As U.S. Secretary of State Antony Blinken begins a tour of the Middle East on May 25, a spokesman for the State Department announced a day earlier that he will be "focused primarily on ensuring that the cease-fire sticks." Blinken himself told CNN on May 23 that the goal of the U.S., with "President Biden leading the effort...was to end the violence." Left unsaid by Blinken is why, if that was the goal, did Biden wait eleven days before increasing the pressure on the Netanyahu government to stop the devastating air assault on Gaza. Israeli attacks killed nearly 300 Palestinians, including more than sixty children, destroyed housing, leaving more than 77,000 people without homes, left most residents with no electricity and more than 800,000 without access to clean water.
Blinken will visit Israel, the West Bank, Jordan and Egypt on his tour. His office said he will be spearheading a "coordinated international effort to ensure immediate assistance reaches Gaza in a way that benefits the people there and not Hamas." Given that Hamas is the elected government for the residents of Gaza, it is not clear how reconstruction of the bombed out city can take place without coordination with Hamas, and with opposition from Israel for any effort that would benefit Hamas! He also stated that he will make no effort to restart a "peace process", with an aide saying this is because there is little prospect that such an attempt could succeed.
The matter of what to do about Hamas brings into focus a larger problem facing Biden, directly related to the issue of Iran. Biden is pursuing the prospect of reviving the Joint Comprehensive Plan Of Action with Iran, which Trump walked out of in 2018. Republican opponents of Biden say that his opening to Iran to renew the agreement has emboldened the "radicals" there, which freed them to unleash Hamas, which they describe as an Iranian proxy force. The Republicans are therefore accusing Biden of being weak in his support of Israel against "Iranian-backed terrorism." Meanwhile, the majority of Democrats also insists that the U.S. must give full backing to Israel, which is consistent with Biden's strong support for Israel through his long political career.
The media, including the Washington Post, the New York Times and the Guardian, for example — which align with the War Hawks in both parties — give Biden cover, insisting that his seeming disinterest in the region stems from being "wrapped up in domestic issues", and by the "pivot to Asia", to move away from the quagmires in the region.
But this is a diversion, away from the "bigger picture", which reveals that the instability in the whole of southwest Asia, including the Israel-Palestine question, results from the hegemony of British geopolitics in defining U.S. policies in the region. The "endless wars" since the 9/11 attack on the U.S. are the result of applying the geopolitical doctrines which have shaped the region since the British intervention in the last decades of the 19th century. The destruction in recent years of nationalist regimes in Iraq and Libya, the continuing drive for regime change in Syria and Iran through murderous sanctions, and support for Saudi genocide in Yemen -- all with full support from Biden and his foreign policy team (with the exception of a minimal pullback of some military aid to the Saudis in regard to Yemen) -- are consistent with London's efforts to prevent sovereign governments from emerging in the region.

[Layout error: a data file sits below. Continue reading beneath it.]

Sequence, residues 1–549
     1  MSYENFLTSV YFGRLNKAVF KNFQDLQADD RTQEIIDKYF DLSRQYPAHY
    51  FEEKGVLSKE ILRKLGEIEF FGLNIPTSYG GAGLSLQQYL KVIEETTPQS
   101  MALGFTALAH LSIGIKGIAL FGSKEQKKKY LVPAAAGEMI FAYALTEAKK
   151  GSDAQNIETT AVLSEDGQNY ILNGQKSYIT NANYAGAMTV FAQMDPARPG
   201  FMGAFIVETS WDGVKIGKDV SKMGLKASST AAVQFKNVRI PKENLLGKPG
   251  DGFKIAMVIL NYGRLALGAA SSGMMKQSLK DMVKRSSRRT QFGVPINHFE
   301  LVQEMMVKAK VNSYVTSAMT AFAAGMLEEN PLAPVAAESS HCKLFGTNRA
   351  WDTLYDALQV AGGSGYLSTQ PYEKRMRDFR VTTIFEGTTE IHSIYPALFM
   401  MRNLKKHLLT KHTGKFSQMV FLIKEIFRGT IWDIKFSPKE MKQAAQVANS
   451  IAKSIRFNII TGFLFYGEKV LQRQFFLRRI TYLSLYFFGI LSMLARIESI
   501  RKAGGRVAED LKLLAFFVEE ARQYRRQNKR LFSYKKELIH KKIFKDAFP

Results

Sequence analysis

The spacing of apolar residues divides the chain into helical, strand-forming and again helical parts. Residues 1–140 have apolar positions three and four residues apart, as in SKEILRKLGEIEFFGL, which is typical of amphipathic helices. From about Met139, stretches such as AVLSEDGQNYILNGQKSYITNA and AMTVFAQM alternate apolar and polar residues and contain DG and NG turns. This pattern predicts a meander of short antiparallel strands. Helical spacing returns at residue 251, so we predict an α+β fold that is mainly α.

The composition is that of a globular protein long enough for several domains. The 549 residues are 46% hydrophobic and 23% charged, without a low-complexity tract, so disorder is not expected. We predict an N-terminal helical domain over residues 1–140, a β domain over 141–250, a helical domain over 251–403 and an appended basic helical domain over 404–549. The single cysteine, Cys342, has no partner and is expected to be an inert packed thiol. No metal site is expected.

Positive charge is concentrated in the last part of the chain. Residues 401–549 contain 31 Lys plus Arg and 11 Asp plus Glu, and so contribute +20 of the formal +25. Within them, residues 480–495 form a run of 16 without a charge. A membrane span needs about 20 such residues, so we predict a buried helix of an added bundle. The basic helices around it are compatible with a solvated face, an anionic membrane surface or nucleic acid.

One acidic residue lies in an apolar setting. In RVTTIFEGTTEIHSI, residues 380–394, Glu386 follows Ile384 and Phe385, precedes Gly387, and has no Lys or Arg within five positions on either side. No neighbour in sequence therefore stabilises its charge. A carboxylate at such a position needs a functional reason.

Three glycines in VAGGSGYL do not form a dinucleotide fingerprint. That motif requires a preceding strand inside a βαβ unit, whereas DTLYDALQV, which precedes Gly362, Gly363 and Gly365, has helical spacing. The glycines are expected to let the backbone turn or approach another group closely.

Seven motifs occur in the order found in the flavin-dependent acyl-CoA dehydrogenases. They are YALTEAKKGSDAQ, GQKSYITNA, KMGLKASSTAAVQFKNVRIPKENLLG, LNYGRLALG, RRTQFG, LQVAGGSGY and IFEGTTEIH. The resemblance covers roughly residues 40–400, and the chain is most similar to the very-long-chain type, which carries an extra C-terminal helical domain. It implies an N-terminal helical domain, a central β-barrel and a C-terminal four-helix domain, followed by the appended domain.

The biggest threat to those London-Washington forces comes from the prospect that Russia and China will support nationalist governments in the region which reject the "Rules-Based Order" that is being imposed by U.S.-U.K.-NATO military power, as Russia has in aiding Syria, and China may do in extending the Belt-and-Road Initiative into the region as the basis for reconstruction. Biden has thus far committed himself to the "status quo", not only in defending the War Hawk's policies against Syria and Yemen, and in supporting Israel and the Saudis, but in moving more aggressively for regime change against both Russia and China.
Blinken's coming tour thus seems to be more about optics than a substantive change in the unilateral policies coming from the U.S., in league with London. In the absence of a break with geopolitics and the failure to engage in serious projects of real economic development, the cease-fire will likely have a short shelf-life, and the fuse is waiting to be lit for another explosion in the not-distant future.
In response to this posting, Executive Intelligence Review Middle East correspondent, Hussein Askary, offered the following commentary:
Great assessment, Harley!
I think the keyword is "keeping the status quo". I am doubtful that there would be a major breakthrough concerning the JCPOA unless Iran decides to abandon its strategic partnership with Russia and China and join the Anglo-American war party, which is impossible.
As for the Palestinians It doesn't seem that the Biden Administration will now change the situation left there by the Trump Administration. The frustration created by this matter among the moderate Palestinians made them opt for a new intifada in the West Bank. Hamas wanted to hijack the intifada for its own purposes, and Netanyahu gladly accepted Hamas' offer. Bibi and his backers themselves are in trouble.
The U.S. and British Ambassadors are intervening almost physically in Baghdad to prevent the implementation of the China-Iraq Framework Agreement (oil for reconstruction) by paying bloggers and activists, in addition to talking directly to the obedient Prime Minister Mustafa Al-Kadhimi who was brought to power in the recent 2019-2020 color revolution.
So, the priority for the British and Biden Administration is to keep the focus on the Russians and Chinese while maintaining the status quo which could be manipulated at any time.